Myanmar's leader Aung San Suu Kyi addresses nation over Rohingya crisis

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Myanmar State Counselor Aung San Suu Kyi. (FILE PHOTO)

(CNN) — Myanmar State Counselor Aung San Suu Kyi said in a nationally televised address that her country does not fear the scrutiny of the international community, as more than 400,000 minority Rohingya have fled violence in the country's northern Rakhine State.

"It is not the intention of the Myanmar government to apportion blame or to abdicate responsibility. We condemn all human rights violation and unlawful violence," she said. "We are committed to the restoration of peace, stability and rule of law throughout the state."

The speech is the first time Suu Kyi, the country's de facto leader, has spoken about the situation in Rakhine State since the latest spate of violence broke out.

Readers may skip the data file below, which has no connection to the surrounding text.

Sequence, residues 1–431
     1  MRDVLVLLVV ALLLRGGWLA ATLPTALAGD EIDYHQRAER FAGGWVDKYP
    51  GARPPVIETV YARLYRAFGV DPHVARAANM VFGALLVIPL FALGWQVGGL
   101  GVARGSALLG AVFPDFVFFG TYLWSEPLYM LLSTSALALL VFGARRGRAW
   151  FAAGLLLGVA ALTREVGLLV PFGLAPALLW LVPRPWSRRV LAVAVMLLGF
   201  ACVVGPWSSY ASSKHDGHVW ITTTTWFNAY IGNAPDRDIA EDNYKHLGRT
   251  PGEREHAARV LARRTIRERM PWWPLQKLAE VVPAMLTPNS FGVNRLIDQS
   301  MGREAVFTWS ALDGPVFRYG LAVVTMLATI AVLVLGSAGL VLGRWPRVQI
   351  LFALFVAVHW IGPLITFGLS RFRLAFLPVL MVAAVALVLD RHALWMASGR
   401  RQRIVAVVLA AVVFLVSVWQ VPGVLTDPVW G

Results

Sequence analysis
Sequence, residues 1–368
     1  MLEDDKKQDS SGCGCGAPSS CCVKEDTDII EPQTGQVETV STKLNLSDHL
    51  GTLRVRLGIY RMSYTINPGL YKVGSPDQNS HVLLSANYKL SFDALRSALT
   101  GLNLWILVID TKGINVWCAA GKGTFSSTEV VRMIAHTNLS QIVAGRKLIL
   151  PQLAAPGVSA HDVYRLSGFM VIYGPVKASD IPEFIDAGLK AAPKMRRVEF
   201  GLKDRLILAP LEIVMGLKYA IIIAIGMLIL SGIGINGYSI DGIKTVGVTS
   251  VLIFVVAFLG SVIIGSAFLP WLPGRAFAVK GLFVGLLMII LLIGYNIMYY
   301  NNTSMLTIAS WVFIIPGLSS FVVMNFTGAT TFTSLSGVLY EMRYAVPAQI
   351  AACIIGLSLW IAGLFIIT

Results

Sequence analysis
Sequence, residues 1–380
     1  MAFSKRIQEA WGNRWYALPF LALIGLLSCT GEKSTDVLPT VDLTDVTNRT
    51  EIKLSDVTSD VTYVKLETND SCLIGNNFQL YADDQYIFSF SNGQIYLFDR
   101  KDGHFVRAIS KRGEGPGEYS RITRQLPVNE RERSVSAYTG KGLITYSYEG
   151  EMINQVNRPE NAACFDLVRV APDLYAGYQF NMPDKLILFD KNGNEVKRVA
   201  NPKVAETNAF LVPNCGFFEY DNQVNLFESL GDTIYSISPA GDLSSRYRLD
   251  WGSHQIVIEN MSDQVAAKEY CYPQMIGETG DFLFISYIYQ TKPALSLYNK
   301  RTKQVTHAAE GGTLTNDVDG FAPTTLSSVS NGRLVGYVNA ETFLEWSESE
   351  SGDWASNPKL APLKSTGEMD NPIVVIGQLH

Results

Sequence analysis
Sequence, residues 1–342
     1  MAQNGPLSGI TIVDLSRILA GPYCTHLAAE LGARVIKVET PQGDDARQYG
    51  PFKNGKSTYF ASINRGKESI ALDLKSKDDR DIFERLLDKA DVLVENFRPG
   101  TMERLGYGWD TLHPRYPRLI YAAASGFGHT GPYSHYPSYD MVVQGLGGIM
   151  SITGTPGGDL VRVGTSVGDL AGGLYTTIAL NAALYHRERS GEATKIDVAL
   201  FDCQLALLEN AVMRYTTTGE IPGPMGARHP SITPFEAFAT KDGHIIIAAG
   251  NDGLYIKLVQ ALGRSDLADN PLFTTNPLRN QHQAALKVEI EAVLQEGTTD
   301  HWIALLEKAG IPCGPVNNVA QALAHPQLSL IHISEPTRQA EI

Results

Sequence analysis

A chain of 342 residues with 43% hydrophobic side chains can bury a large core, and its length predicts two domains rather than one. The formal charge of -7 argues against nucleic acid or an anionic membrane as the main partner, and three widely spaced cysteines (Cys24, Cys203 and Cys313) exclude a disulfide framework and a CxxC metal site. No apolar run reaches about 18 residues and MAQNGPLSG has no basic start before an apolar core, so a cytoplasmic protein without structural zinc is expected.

Stories of rape, murder and torture of the Rohingya, a Muslim minority living in northern Myanmar, allegedly at the hands of the military are commonplace in the overcrowded refugee camps in neighboring Bangladesh.

As the number of Rohingya refugees crossing the Bangladesh border grows, so too does international criticism of State Counselor Suu Kyi's failure to condemn the violence or stop it.

"There are allegations and counter allegations and we have to listen to all of them. And we have to make sure these allegations are based on solid evidence before we take action," Suu Kyi said.

But she said the restive Rakhine State is just one of many complexities her nascent democracy faces, likening it to a sick person who needs to be treated for multiple ailments.

"We are a young and fragile country facing many problems, but we have to cope with them all," she said. "We cannot just concentrate on the few."

But inside Yangon, Myanmar largest city, it's a different story. The country's democratically elected leaders including Suu Kyi appear to remain popular, with many of her supporters accusing the international community of failing to properly understand the crisis.